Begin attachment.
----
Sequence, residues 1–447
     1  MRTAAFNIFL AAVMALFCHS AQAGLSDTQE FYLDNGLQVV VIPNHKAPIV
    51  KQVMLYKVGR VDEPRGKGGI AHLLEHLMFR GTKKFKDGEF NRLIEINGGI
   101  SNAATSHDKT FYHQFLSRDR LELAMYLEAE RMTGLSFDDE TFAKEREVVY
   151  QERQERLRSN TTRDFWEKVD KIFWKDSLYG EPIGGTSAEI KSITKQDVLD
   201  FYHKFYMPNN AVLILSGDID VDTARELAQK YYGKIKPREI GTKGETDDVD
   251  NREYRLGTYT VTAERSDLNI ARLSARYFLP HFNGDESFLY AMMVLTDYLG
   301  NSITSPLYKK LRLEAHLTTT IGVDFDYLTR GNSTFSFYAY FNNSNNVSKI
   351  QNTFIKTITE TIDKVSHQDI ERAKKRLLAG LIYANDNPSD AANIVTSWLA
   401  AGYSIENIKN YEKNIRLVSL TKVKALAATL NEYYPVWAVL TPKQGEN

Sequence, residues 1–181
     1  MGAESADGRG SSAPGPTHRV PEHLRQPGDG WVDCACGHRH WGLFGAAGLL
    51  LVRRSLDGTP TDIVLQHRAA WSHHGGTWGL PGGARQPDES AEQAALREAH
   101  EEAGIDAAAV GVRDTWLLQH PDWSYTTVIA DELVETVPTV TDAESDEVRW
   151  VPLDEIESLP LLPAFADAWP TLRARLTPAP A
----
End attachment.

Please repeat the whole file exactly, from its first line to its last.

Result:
Sequence, residues 1–447
     1  MRTAAFNIFL AAVMALFCHS AQAGLSDTQE FYLDNGLQVV VIPNHKAPIV
    51  KQVMLYKVGR VDEPRGKGGI AHLLEHLMFR GTKKFKDGEF NRLIEINGGI
   101  SNAATSHDKT FYHQFLSRDR LELAMYLEAE RMTGLSFDDE TFAKEREVVY
   151  QERQERLRSN TTRDFWEKVD KIFWKDSLYG EPIGGTSAEI KSITKQDVLD
   201  FYHKFYMPNN AVLILSGDID VDTARELAQK YYGKIKPREI GTKGETDDVD
   251  NREYRLGTYT VTAERSDLNI ARLSARYFLP HFNGDESFLY AMMVLTDYLG
   301  NSITSPLYKK LRLEAHLTTT IGVDFDYLTR GNSTFSFYAY FNNSNNVSKI
   351  QNTFIKTITE TIDKVSHQDI ERAKKRLLAG LIYANDNPSD AANIVTSWLA
   401  AGYSIENIKN YEKNIRLVSL TKVKALAATL NEYYPVWAVL TPKQGEN

Sequence, residues 1–181
     1  MGAESADGRG SSAPGPTHRV PEHLRQPGDG WVDCACGHRH WGLFGAAGLL
    51  LVRRSLDGTP TDIVLQHRAA WSHHGGTWGL PGGARQPDES AEQAALREAH
   101  EEAGIDAAAV GVRDTWLLQH PDWSYTTVIA DELVETVPTV TDAESDEVRW
   151  VPLDEIESLP LLPAFADAWP TLRARLTPAP A